The new year is well underway, and time is doing what time does best: moving quickly! With the chaos of the holiday season behind us, we wondered: what types of emails do brands send during these *relatively* quiet winter months? What are the post-holiday, starting-the-new year email campaign trends so far? We took a closer look and discovered three patterns. Here’s a round-up of a few favorite winter email campaigns with design tips forÂ making them your own!
Tip #1: Work with the weather
For most of the U.S., winter = cold weather. That means readers are currently into those cozy, by-the-fire, hygge vibesâ€”even in their inbox. Here are a few brands capitalizing on the winter weather in different ways.
This no-frills Anthropologie email is a cute and simple way to connect with chilly readers and direct them to a free shipping promotion. And aÂ design like this is easy to whip up in a few steps:
- Choose an on-brand winter snowscape background image. (Use a free library and edit as needed.)
- Select a pretty typewriter-esque email-friendly typeface like Courier to place atop the imageÂ (use live text whenever possible to ensure your message renders for all readers!)
- Format your bulletproof button(s)â€”also atop the image (though the image itself can be linked to your landing page, too).
The Tie Bar
Subject: Our Favorite Cold Weather Wins
The Tie Bar created a “Cold Weather Survival Kit” to showcase some of its winteriest products. Leveraging a reader’s local weather (or another calendar event) is a great way to “hand pick” products to show readers. This email also uses funky content blocks (with ample padding between each one) in its countdown.
Brooklyn Craft Company
Subject:Â âť„ Snow Day FLASH SALE! âť„ Save on all workshops. âť„
This email from Brooklyn Craft Company was sent during the bomb cyclone winter storm that hit much of the northeast in early January. Geo-targeting readersâ€”just make sure you collect that data!â€”is how brands are able to send more relevant, personalized content to segments of their reader base.
Tip #2: Help readers refresh and renew for the new year
New Year’s Day is weeks behind us, but let’s be real: many of us are still getting our act together when it comes to planning for 2018. And while not everyone likes to set goals, for most people, the new year does bring about a fresh start feeling. At least, that’s what the emails seem to indicate. We spotted a lot of refresh and renew-themed emails aiming to appeal to readers’ desire for a clean slate. Here are a few of those.
Malin + Goetz
Subject:Â Scrub 2017 Away.
What do January and face wash have in common? Not much on first thought, but in this clever campaign from Malin+Goetz, the brand ties the two together with spare, effective copy. And a free shipping promotion.
This email design is similar to Anthropologie’s, but because the text is situated above the image, the format lends itself to a simple two-content-block design. Breaking your email up into multiple content blocks makes it more mobile-friendly (i.e., responsive) and optimizes how much content renders across email platforms and devices. In this case, the first content block could be plain text with a gray HTML background color that bleeds seamlessly into the photo alongside it. (Here’s how to do it!)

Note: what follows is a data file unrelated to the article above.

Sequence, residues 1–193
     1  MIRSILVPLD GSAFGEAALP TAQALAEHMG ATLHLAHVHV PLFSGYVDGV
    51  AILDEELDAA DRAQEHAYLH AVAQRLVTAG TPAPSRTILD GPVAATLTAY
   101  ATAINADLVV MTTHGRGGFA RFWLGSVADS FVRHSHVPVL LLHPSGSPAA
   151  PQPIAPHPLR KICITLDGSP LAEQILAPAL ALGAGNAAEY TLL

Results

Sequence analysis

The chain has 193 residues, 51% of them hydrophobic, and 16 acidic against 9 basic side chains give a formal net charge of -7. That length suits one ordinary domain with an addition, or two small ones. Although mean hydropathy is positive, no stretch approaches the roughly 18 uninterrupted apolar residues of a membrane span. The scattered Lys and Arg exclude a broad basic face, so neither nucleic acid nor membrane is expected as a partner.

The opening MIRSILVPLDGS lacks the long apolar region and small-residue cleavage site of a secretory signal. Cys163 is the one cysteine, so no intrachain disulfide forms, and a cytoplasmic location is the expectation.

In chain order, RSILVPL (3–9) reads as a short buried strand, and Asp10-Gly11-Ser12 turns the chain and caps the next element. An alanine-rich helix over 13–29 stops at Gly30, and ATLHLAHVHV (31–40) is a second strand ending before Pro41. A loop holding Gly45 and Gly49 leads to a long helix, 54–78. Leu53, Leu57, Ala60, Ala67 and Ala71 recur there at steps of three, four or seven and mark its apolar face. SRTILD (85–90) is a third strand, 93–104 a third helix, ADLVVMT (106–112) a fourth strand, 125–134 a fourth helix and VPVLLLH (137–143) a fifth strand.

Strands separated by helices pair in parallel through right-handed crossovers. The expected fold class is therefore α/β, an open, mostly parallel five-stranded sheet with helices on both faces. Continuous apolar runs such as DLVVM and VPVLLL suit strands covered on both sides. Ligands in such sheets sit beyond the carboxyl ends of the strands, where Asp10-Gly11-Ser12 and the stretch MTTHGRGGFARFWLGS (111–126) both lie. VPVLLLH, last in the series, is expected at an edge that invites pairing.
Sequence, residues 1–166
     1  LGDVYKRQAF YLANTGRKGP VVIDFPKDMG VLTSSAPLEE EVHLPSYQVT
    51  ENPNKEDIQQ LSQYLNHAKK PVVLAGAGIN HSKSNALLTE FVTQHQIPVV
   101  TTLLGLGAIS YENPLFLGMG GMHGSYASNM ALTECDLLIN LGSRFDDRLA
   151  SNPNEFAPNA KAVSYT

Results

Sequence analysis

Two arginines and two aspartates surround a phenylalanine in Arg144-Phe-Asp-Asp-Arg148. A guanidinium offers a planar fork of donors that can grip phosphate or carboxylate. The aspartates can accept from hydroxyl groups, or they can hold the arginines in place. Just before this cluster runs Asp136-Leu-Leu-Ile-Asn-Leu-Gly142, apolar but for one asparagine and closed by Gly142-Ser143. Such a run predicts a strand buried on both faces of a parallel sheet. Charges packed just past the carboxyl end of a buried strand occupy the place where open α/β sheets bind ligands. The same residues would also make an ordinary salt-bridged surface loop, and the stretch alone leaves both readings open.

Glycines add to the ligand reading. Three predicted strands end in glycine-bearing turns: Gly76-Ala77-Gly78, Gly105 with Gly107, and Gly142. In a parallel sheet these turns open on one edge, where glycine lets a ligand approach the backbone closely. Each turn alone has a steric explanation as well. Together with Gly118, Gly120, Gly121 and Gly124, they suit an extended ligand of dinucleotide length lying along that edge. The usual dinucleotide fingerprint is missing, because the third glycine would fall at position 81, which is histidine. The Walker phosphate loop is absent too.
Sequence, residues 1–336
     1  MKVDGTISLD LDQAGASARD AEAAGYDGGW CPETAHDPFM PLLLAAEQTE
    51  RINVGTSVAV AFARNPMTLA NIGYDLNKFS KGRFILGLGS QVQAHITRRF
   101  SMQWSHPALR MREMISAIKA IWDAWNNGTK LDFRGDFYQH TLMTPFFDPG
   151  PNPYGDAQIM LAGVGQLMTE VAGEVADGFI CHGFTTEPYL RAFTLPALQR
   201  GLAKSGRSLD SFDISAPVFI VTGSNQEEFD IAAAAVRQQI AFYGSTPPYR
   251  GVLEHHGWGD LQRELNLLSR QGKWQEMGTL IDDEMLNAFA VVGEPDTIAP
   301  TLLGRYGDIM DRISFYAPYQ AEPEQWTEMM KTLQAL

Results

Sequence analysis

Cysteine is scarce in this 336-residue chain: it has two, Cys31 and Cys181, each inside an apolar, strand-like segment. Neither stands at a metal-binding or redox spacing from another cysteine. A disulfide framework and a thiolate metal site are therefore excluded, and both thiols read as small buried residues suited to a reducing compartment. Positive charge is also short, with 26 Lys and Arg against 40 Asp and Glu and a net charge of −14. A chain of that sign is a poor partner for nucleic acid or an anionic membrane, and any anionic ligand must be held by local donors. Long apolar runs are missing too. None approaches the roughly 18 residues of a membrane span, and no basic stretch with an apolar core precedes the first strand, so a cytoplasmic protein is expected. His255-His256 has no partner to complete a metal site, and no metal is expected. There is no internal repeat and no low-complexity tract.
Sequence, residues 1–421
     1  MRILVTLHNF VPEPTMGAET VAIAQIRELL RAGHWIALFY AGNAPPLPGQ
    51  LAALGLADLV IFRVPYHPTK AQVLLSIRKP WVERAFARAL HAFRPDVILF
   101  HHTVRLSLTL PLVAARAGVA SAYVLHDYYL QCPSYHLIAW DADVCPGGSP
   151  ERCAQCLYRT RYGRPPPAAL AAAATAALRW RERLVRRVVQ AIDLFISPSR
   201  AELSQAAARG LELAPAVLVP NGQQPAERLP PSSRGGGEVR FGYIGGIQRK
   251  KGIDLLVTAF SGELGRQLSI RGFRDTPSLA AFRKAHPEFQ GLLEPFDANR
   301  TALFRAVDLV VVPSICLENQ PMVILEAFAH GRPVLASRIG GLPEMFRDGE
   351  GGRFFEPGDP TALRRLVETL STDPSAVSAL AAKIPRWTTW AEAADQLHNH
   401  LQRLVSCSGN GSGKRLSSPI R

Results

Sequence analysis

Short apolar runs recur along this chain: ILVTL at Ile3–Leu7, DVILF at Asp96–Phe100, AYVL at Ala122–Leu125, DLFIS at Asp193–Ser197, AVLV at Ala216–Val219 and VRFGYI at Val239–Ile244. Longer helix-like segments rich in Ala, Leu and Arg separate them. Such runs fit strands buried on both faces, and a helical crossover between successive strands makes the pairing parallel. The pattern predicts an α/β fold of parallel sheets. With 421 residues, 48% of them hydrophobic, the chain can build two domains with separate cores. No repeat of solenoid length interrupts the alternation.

Subject: Want $20 off our jeans?
This Madewell email was one of several we spotted allude to spring cleaning, with more of a new-year, new-cleaner-you type message. Madewell’s recycle-your-jeans program isn’t new, but our guess is that they’ve chosen January as a good time to remind readers about it.
In the BEE editor, recreating the email’s responsive, infographic-like body grid is easily done. Simply format your text and choose simple black borders. Custom text headers can be added as images. Et voilĂ !
Subject:Â All the kitchen tools you need to tidy up your year.
Food52 is another example of a cleaning-themed email. In 2018, we’ll all be tidier, right? In this responsive grid layout, each content block is complete with an elegant photo and short text description, and gray and blue tones add a wintry effect.
Tip #3: Look ahead (to warmer weather)
A few brave brands have been bold enough to mention the upcoming seasonâ€”springâ€”in their email campaigns. But these spring-oriented messages are careful not to overdo it. Visually, they’re not full of pink blossoms; instead, the emails have a subtle wintry feel.
Subject:Â Make way for new frames
That hero image is animated!
Even though Warby Parker has announced that these frames are for spring, the model pictured is wearing winter clothes, and the subject line focuses simply on new frames (not spring frames). Going too heavy-handed on spring themes can alienate readers who are just trying to stay warm in 5-degree weather and aren’t ready to plan for April quite yet. Plus, if your product really isÂ for spring, why should readers click or buy now?
Citizens of Humanity
Subject: Winter Getaway Essentials
One way to get a taste of spring now is to go on vacation. For many brands, appealing to the traveling crowd is a wise move in January and February when some customers head south to thaw out. When it comes to design, we love that this email from Citizens of Humanity features a whole module of user-generated content.
Subject:Â New garden tools for the seasons ahead.
There are light spring themes in this email, but for gardeners, it may not be too early to start planning. Many may “plant ahead,” as Terrain‘s hero image describes. This modular email is pretty to look atâ€”even though our gardens outside aren’t green yet.
Design your own winter email campaigns
Sign-up for aÂ BEE Pro free trialÂ and you’ll be up and running quickly. The drag-and-drop editor is easy to use, comes with built-in templates and stock image libraries, and it’s now able to connect directly to MailChimp. Designing is a cinch! Start the new year by using BEE Pro and let us know how it goes!